I'm a Woman Entrepreneur Who Created a Better Work-Life Balance. How You Can Do That, Too. Last year, I felt that my whole life revolved around work. In 2019, that is all going to change.
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In 2018 -- just last year! -- I felt that my whole life revolved around work. I didn't feel that I had any control over my time; my business set my entire agenda, even on weekends.
According to a Harvard Business Review survey, that feeling is more or less universal: The study examined data about CEOs' use of time, covering some 60,000 combined hours of those executives' work lives. One finding was that those CEOs, on average, worked 9.7 hours per weekday.
More alarmingly, they also conducted business on 79 percent of their weekend days, putting in an average 3.9 hours each weekend day, as well as working 70 percent of their vacation days, averaging 2.4 hours daily. Seemingly non-stop, right?
To fix those same patterns in my own life, I decided to completely shift my mindset about how I structured my life. So now I'm working on a master plan to treat my personal life with as much importance as running the online retail company, Darn Good Yarn, that I founded in 2008. I'm putting this plan into work for 2019. Here's how it's going to work:
My master plan
In 2019, every day since Jan. 1, every minute of every day has been accounted for and will be, going into the future. The goal is to reduce my stress, operate my business with greater efficiency and do more of the things I love. The latter includes spending more time with my daughter, taking up a fun new hobby (scuba diving!) and deleting items off my plate to empower my team at work.
People think that being an entrepreneur affords you a plethora of "freedom" that has endless bounds. But you know that's not the case: While it's true we can make our own decisions as business owners, our dedication to work can quickly turn into what feels like a 24/7 grind.
So, in search of answers to the question about scheduling in the things I love, I fine-tuned my master plan, to de-stress and give myself the time I needed in 2019. Here are the steps I took:
I identified what is truly important to me.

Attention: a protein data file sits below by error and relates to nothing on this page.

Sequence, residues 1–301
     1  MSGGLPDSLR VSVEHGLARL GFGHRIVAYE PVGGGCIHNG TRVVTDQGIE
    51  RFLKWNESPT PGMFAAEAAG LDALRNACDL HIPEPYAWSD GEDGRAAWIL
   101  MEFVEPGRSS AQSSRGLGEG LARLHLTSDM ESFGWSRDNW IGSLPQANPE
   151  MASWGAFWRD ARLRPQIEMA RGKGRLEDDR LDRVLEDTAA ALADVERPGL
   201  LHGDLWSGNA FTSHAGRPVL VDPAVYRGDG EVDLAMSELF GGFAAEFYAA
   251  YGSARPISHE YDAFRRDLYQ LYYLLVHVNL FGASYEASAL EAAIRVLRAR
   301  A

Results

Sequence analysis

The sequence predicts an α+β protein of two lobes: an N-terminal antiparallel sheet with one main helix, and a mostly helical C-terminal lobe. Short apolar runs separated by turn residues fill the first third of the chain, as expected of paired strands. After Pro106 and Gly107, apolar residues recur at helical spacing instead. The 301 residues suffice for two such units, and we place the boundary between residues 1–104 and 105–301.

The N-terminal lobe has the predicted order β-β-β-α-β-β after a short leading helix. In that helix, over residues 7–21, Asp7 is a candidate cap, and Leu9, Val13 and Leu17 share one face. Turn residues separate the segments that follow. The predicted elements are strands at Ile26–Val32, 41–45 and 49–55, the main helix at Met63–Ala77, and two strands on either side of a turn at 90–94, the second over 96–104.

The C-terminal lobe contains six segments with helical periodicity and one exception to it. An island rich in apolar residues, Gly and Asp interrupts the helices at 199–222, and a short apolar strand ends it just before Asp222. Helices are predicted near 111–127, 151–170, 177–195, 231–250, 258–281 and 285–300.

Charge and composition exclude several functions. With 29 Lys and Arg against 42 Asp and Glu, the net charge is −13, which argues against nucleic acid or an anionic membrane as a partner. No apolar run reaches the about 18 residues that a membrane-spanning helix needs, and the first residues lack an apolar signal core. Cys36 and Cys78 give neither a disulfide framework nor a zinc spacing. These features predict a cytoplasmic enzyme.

Start by identifying what's truly important in your life. For me, aside from my business, the answers were my 2-year-old daughter and the opportunity to learn new skills. Identifying what's truly important will help me re-prioritize and take a much more active approach to dedicating time to those areas.
In doing some research, I found that Spencer Rascoff, CEO of Zillow Group, had taken a similar approach and prioritized his family. Rascoff believes it's critical to have work-life balance in order to reach peak productivity and performance.
In an interview with Glassdoor, the CEO explained how he altered his schedule to spend more time with his family. "I am almost always with the kids and my wife by 7 p.m., unless I'm on a business trip," Rascoff said. "That is something we work hard at. I strongly believe it is unsustainable to work nonstop for years at a time."
As I mentioned, I was feeling that my own business was controlling everything, even on weekends. Now that I have decided to take a step back and make sure that my daughter is No. 1 in my life, I'm working to structure my calendar so that I have each and every Friday open to spend quality time with her. I won't schedule any meetings that day, and all of my staff has been looped in on this as well, so that they know I am essentially off the grid come Friday morning.
I blocked off time.
In addition to blocking off Fridays on my calendar for my daughter, I will now be scheduling out my weekends in addition to my weekday work schedule. I'll be putting in time for Saturday lunches in town, weeknight bowling excursions, movie dates with my husband, etc. Everything will be scheduled and assigned equal allocations of time.
This strategy has worked for many entrepreneurs and is a goal preached by productivity experts. Paul Minors of Productivityist recently published a blog post on how he schedules everything in his life to get more done and filter out distractions. That's what I'm aiming for, too.
I'm streamlining everything.